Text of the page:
Systematic reviews can provide the data needed for a meta-analysis, or they can be used as a preparatory stage of any research project to assess the current state of a specific scientific topic.

A typical scenario might be summarised as follows:

  1. Journal database article search (sourcing articles by keyword, reference/citations)
  2. Systematic Review Process (filtering thousands down to dozens)
  3. Data extraction (of experimental methods, results/statistics)
  4. Meta-analysis and/or further research.

We are focussing on step 2, which itself has a fairly complex set of stages. As mentioned above Cochrane provide good tools and services for steps 1 and 4 but only guidance on how to do 2 and 3, which is up to each researcher to perform.

Outline approach

  1. Step 1 is to implement a basic web application which can perform a basic review, including article data import, screening process, collaboration and result data export. The application must have a “plugin” architecture to enable future additions.
  2. Step 2 is to research and develop potential solutions to the perceived roadblocks. For example could screening 5,000 documents be assisted by a natural-language AI? Or could the initial citation/reference searches be improved?
  3. Step 3 is to widen out the project to collaboration by international, academic developers who will have their own ideas and challenges.


The project was originally initiated around 2016 by Dr Nic Badcock and his team (Dept. Cognitive Science, Macquarie University, Sydney, Australia). While performing many systematic reviews, they developed their own software in R and Matlab. The R libraries help to automate the complex task of ingesting and processing articles exported from various online journal database archives. The Matlab GUI allows researchers to screen thousands of articles, keeping track of ratings and comments, while keeping the researcher focused and productive. This first version has been used successfully in several collaborative projects.

In early 2017 Pip Jones (programmer, teamed up with Nic with the idea of adding an AI assistant to the screening process. After considering the scalability of installing and supporting the Matlab-based GUI and limitations of Matlab itself for this purpose, it was decided to first build a web-based GUI which was compatible with the existing R libraries and data-file formats. The MatLab GUI’s information-architecture was duplicated into an Express JS prototype application with a wireframe front-end.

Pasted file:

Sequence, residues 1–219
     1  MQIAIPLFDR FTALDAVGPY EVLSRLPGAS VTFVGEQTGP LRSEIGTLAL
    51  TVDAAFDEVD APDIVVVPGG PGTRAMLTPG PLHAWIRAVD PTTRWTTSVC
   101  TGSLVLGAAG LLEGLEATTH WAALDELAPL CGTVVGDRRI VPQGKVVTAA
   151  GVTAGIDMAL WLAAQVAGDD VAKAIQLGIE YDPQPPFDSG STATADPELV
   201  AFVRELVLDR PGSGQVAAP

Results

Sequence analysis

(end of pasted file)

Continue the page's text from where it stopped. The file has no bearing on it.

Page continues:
In 2017 a small research fund was granted by Macquarie University to help kickstart the web project.

An initial machine learning (ML) assistant has been added to the web-based GUI after extensive evaluation of various classification techniques. This is implemented as a separate REST API backed by a Python application which utilises the SciKit-Learn libraries. The API provides classification and search services using fairly standard vectorisation (word-embedding) models, term frequency (TF-IDF), principle component analysis for dimensionality reduction (PCA/LSI/LSA) and nearest-neighbour (KNN) correlation. The REST API could be used independently from the web application.

While the initial ML algorithm in place (in the beta version) does have a little special-sauce in the ranking algorithm, it predominately using very basic, standard techniques. This is because after a long evaluation study, I found there not much improvement in classification accuracy (F-Score) in this specific problem domain. I felt it was best left working as simple and performant as possible and without some of the quirks exhibited by the more complex algorithms.

There is huge and exciting scope for improvement in the assistant concept, but it’s not necessarily in the classification and search accuracy of the algorithms.  Buy me a beer if you want to know more.